For too long, men have been silent about mental health and it’s literally killing us. We can change that.Darryl “D.M.C” McDaniels is a rapper, comic book artist, and founding member of pioneering hip-hop trio Run-DMC. Here, he shares how he overcame a battle with addiction and discovered the life-saving values of therapy.
It wasn’t until I went to seek help that I finally understood I had a problem.
For 25 or so years, everybody told me to go to rehab. But I was the functional alcoholic. I was never late. I never got in a car accident. I never threw up on people, never got into a public intoxication incident. There was never tragedy on the outside. Those are the signs that tell world you’re messed up. But I always said, “Man, I can handle this.”
Once Run-DMC hit the big time — when “Walk This Way” dropped and the Adidas deal happened — these funny feelings came over me. When I first started writing rhymes, I wasn’t trying to write hit records. I was a shy Catholic school kid, just writing to express myself. As soon as a company said, “Yo D, we need a hit record,” my thought pattern completely changed. I felt the only way I could get rid of the pressure was to drink. Some people drink one 40 of Olde English, or maybe two or three, in a day. I was drinking a case a day. Literally. I put a refrigerator in the back of my truck so I didn’t have to stop at the grocery store to buy them.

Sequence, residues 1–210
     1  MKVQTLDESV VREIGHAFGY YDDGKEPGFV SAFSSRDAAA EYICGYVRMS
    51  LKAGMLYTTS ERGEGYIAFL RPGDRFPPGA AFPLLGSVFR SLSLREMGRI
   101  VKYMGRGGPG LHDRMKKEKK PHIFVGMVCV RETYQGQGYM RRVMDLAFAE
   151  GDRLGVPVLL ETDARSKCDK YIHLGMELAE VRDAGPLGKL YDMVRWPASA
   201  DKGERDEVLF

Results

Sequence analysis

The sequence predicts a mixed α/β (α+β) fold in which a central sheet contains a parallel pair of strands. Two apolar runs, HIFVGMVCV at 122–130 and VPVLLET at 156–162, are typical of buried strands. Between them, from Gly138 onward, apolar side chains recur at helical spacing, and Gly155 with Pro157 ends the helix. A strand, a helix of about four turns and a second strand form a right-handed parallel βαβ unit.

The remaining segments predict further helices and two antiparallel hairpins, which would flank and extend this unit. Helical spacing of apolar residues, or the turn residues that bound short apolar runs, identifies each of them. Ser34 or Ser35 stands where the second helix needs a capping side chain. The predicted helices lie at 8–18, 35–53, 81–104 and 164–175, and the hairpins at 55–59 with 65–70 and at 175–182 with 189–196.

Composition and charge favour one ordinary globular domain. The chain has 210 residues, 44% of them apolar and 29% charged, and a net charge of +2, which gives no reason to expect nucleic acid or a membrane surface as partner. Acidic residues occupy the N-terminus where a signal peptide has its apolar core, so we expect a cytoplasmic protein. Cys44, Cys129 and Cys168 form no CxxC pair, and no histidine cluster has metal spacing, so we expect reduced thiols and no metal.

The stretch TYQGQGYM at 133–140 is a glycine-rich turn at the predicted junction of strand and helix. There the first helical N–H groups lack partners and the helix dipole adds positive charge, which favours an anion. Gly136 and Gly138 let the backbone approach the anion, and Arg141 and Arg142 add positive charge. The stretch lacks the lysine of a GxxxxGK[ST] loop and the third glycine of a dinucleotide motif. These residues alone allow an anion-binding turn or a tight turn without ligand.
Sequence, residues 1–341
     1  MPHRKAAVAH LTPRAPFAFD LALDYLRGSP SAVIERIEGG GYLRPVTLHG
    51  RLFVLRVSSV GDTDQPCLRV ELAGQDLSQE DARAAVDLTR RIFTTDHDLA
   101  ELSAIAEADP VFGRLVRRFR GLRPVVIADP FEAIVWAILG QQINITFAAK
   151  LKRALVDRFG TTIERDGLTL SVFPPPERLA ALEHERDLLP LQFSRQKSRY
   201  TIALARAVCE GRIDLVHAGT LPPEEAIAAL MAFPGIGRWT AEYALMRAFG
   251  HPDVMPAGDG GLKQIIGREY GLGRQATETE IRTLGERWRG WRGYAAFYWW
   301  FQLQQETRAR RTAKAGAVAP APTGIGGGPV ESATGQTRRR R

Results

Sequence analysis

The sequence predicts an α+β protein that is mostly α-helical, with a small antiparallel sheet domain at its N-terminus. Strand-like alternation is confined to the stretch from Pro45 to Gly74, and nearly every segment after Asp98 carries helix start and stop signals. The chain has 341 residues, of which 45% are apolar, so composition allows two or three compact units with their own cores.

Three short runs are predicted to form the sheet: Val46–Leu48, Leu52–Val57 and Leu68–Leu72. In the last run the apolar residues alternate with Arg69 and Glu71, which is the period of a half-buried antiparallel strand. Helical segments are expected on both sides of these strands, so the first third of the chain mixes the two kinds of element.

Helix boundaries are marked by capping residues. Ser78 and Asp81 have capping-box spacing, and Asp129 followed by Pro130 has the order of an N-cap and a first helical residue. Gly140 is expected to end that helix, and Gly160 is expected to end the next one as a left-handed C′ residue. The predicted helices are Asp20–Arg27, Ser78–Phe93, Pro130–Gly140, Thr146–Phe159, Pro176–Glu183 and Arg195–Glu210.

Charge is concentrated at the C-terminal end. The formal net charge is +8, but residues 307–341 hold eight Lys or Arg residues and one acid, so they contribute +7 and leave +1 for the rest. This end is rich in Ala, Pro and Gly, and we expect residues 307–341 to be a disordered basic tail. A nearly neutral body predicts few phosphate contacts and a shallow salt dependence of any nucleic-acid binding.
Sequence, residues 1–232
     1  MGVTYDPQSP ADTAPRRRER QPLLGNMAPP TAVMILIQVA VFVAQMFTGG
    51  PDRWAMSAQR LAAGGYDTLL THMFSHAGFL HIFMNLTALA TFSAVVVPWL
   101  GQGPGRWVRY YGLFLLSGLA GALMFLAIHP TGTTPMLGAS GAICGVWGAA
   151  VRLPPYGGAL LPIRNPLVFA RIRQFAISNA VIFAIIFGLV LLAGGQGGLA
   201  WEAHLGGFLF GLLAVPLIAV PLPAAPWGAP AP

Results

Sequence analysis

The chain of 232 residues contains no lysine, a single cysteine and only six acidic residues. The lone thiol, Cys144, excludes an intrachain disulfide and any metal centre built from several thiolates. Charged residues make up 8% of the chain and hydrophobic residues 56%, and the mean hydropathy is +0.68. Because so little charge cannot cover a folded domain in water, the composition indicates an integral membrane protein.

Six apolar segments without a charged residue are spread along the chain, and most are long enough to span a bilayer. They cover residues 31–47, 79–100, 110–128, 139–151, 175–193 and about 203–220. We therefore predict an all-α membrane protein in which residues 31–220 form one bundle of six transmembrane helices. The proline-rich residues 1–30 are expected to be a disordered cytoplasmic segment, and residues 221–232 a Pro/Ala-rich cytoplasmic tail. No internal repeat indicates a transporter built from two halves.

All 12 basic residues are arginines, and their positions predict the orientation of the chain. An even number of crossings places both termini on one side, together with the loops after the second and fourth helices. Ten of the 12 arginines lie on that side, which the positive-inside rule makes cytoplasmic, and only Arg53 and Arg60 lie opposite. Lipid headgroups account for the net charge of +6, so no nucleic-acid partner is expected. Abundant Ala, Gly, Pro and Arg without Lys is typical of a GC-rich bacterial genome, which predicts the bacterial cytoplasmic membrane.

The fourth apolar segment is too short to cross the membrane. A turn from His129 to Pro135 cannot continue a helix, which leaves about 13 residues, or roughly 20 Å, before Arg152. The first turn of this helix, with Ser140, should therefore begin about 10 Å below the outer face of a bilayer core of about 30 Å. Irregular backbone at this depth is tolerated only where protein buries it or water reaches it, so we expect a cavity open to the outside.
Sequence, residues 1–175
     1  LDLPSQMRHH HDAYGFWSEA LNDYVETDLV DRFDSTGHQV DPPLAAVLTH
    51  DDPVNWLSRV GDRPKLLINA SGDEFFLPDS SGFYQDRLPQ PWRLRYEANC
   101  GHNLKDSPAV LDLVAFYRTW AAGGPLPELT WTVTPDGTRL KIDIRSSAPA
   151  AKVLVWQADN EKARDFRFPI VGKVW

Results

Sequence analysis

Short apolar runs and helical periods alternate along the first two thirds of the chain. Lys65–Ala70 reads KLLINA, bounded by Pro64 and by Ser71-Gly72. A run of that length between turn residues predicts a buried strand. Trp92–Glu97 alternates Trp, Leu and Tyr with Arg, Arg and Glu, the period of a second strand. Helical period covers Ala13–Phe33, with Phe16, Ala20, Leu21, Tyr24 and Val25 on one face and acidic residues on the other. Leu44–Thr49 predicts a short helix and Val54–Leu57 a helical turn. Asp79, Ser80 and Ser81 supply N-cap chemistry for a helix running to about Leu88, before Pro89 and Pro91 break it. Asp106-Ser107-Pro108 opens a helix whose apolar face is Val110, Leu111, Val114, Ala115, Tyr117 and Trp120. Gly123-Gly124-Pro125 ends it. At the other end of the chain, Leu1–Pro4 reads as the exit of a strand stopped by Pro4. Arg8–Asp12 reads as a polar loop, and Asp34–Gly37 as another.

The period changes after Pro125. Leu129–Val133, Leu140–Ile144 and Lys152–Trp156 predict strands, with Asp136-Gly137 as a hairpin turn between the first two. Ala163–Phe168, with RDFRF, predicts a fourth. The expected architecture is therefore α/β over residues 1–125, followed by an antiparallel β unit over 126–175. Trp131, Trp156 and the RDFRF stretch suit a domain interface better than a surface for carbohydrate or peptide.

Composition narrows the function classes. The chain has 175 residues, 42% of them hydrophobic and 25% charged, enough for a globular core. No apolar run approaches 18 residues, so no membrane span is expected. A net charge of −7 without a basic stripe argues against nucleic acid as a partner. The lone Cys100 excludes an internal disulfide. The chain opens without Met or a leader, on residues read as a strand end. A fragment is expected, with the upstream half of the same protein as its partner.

I had anxiety that I didn’t know was anxiety. I had panic attacks that I didn’t know were panic attacks. Any time I felt something I considered abnormal, I just reached for the bottle.
“Any time I felt something I considered abnormal, I just reached for the bottle.”
Then Jam Master Jay got shot and killed in 2001. I never accepted or faced my emotions about that. That New Year’s Eve, DJ Hurricane of The Beastie Boys invited me to Las Vegas — one of the worst places I possibly could have gone. I was sitting in the suite of the hotel, and I had just drank a fifth of Rémy Martin, by myself. I sat there in this room alone, drinking a bottle that maybe 30 people could share. I looked at the bottle, and something in my head said, “D, you can’t get higher than this. If you keep drinking, you’re gonna kill yourself.”
But I still didn’t truly realize it was a “problem” until my first day of rehab, after my wife told me, “You are killing yourself. You are commiting suicide.”
I was admitted to the intake room, and to my left was a guy in a straight jacket. To my right, there was another person just knocked out. It started reminding me of One Flew Over the Cuckoo’s Nest. I went to my first session and they had the “11 Characteristics of an Addictive Personality” written up on the blackboard. I realized I had all of them.
Therapy is the most gangster thing anybody can do for themselves. Going to therapy is the most powerful move that you can make that will help you heal, solve, or alleviate the stress and struggles of the battles with depression.
In therapy, I was diagnosed with suppressing my feelings.
During my first session, my therapist asked, “Darryl, during your entire journey with Run-DMC, was there ever a time Run or Jay or anybody at the record label did anything to make you angry?”
And I confidently said, “No.”
My therapist took his glasses off. You know how therapists have the little notepad with the pen? He politely put the notepad down, looked me straight in my eyes, and said, “You’re a goddamn, motherfuckin’ liar.” Those words went to my soul. I immediately opened up.